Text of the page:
This pepperette first had an initial sweet taste to it and then a bit of a spicy aftertaste. It is a good combination of sweet and spicy!

I also tried the Northern Logger pepperette. This pepperette is infused with Northern Logger Beer. Northern Logger is brewed by Sleeping Giant Brewing Company right out of Thunder Bay. The pepperette is a bit drier in texture. I’m assuming the alcohol in the beer dries the meat out a bit.

While the alcohol is evaporated out and the meat is drier, the beer flavor remains in the meat. I got a taste of Northern Logger (which is a great beer, btw). The combination of meat and beer was one of the more unique things I have tried in terms of smoked meat.

Bay Meats was in the rearview mirror and soon I was at European Meats.

This pepperette had more of a summer sausage taste to it with a hint of smoke. The texture was pretty firm overall. This also seemed a bit more like a standard beef stick in Wisconsin.

Before you knew it, I was at The Commissary.

Just like at Tim’s Meat, I was told that tomorrow would be a better day to visit for freshly smoked meat. I made sure to come back the next day, and when I walked in the place smelled great!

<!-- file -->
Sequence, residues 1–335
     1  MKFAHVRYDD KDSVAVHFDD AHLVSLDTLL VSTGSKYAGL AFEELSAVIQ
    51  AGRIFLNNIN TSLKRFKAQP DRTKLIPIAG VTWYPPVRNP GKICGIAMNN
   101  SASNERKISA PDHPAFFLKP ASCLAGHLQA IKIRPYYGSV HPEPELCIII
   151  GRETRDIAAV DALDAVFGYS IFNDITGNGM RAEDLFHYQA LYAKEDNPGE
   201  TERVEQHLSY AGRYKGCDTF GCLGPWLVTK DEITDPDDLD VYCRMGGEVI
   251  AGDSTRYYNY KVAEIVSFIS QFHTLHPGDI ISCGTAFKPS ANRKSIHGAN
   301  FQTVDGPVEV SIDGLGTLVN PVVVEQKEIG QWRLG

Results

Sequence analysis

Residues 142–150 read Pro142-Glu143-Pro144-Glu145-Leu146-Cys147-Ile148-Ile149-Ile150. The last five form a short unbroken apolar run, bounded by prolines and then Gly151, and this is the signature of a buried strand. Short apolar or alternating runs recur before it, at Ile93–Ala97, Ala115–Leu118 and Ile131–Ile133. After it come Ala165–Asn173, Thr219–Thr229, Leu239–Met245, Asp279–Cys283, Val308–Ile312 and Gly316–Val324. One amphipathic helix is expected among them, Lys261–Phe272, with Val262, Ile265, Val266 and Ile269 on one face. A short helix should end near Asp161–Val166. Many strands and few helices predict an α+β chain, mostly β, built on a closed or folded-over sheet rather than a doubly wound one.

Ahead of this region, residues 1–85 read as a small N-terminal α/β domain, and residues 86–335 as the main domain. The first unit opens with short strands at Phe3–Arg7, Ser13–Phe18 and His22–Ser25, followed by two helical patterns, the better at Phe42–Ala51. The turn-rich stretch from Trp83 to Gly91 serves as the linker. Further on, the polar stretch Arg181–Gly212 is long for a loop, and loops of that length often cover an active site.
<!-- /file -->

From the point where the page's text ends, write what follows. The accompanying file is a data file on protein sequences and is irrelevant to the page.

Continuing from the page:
I ended up trying a sausage on a bun, and of course a pepperette.

I ate the pepperette in the car and you could tell it was fresh. It had a medium firmness to it (not too soft, but not too hard). Being fresh, the pepperette was a bit juicy (just like the sausage on a bun). The smoke flavor was definitely there. It had a way more uniquely defined flavor than some of the other beef stick tasting pepperettes I tried.

Another stop I had was North Country Meats.

The pepperette I had was much drier and firmer. It was the most firm pepperette I had tried on this trip. Every once and a while it’s good to have a firm pepperette that you can really rip into, bite, and tear off a piece. That’s essentially what this pepperette was. The smoke taste was mild and it was a bit more beef stick tasting.